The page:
Further, the Brussels protocol adopted a provision that extended the limitation period for recourse actions, even after the expiration of the one year. Thus, the proposals seems to presuppose a wide scope of the wording, unless there are clear grounds for rejecting a claim based on time limitation.
There are good grounds for supporting the view that a time-barred claim should be allowed to set off against the main claim if connexity may be established, e.g. between the freight claim and a cargo claim or demurrage. The wording of The Hague-Visby Rules article III no. 6 does not prevent such interpretation and we agree with the US Court of Appeal when expressing that clear language must be required to dismiss set off as a defensive action. It is our view that in jurisdictions being based on The Hague-Visby Rules and in which no local legislation or case law prevents set off for time-barred claims, such defense lies within the scope of the current Hague-Visby Rules.
However, acknowledging the uncertainty of the current legal interpretation of article III no. 6 on this point, we advise express regulation of the right to set off time-barred cargo claims in the charter party/bill of lading until clear legislation or judgement is made in the relevant jurisdiction or until the Rotterdam Rules eventually are ratified and enter into force.
As shown in 1.1 – 1.3 above, a convention may be interpreted differently in various jurisdiction and the choice of law and jurisdiction may have a large impact on the possibility of recovery through litigation.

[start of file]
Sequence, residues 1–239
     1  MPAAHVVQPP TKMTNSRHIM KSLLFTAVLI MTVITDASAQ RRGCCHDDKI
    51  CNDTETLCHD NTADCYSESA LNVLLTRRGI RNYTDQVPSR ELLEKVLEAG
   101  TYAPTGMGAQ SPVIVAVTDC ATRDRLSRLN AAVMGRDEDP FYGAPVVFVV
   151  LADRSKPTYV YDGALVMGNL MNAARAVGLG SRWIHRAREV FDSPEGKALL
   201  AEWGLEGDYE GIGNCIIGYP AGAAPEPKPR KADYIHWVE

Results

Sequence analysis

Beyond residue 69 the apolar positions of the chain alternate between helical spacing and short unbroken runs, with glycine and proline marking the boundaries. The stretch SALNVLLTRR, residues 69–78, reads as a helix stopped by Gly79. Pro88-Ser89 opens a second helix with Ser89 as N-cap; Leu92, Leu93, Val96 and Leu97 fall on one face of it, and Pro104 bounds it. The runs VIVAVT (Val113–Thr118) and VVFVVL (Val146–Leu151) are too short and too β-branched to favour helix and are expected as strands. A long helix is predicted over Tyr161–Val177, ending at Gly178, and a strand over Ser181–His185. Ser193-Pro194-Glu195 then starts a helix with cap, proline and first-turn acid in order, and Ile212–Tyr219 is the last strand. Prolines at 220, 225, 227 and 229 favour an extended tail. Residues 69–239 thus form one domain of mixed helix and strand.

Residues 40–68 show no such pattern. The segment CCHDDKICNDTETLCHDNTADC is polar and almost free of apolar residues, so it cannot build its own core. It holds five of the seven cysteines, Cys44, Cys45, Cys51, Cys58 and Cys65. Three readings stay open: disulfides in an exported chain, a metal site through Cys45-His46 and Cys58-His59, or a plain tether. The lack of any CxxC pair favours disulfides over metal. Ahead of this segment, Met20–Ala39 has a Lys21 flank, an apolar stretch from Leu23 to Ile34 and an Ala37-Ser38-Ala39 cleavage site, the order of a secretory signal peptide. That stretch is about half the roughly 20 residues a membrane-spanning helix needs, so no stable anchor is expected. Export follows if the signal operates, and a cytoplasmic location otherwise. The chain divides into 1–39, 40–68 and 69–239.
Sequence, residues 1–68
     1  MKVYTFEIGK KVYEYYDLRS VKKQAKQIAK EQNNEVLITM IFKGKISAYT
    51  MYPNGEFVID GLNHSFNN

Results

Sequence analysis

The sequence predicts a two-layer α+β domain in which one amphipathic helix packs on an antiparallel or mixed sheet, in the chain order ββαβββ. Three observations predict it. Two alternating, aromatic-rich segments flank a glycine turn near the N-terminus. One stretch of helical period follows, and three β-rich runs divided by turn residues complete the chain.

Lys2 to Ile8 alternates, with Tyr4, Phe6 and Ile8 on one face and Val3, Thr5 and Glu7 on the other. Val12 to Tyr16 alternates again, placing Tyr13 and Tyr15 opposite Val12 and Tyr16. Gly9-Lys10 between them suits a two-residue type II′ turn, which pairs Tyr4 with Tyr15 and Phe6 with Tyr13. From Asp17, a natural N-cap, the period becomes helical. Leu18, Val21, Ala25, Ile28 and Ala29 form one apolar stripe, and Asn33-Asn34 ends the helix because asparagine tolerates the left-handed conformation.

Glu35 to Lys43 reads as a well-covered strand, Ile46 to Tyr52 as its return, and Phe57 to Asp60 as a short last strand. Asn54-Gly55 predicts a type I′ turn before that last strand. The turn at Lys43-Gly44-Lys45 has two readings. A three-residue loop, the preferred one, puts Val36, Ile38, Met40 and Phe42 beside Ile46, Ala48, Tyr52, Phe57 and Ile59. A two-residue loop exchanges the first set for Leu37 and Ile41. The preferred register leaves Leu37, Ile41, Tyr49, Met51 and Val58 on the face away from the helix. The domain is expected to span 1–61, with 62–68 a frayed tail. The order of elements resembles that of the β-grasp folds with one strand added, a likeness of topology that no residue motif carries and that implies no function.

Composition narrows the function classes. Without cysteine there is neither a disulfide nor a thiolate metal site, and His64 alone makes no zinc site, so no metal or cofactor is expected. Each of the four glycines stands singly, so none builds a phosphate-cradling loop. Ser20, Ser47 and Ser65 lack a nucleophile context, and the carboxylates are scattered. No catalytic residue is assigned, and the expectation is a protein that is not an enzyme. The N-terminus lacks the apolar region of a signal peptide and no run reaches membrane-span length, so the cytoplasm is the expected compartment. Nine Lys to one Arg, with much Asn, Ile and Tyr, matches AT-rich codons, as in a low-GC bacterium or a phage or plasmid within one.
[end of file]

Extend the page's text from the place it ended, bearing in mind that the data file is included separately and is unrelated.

See also the article by the Norwegian law firm Wikborg Rein of 1 July 2015, published in The International Law Office, where they seem to argue that set off should not be allowed under Norwegian maritime law, although acknowledging the uncertainty under the current rules.
 NOU 2012:10 page 122-123.
 See Per Gram: "Fraktavtaler" (1977) page 76.
 See Falkanger, Bull & Brautaset: "Scandinavian Maritime Law" 3rd edn. (2011) page 401-402.
 Among others, see Stephen Girvin "Carriage of Goods by Sea" 2nd edn. (2011, Oxford Uni. Press) page 342
  1WLR 185 (HL), pages 189-191
 The Travaux Preparatoires of The Hague Rules and The Hague-Visby Rules (the "Travaux Preparatoires")
 See the Travaux Preparatoires paragraphs 111-120, page 308.
 See the Travaux Preparatoires paragraphs 111-120, page 317.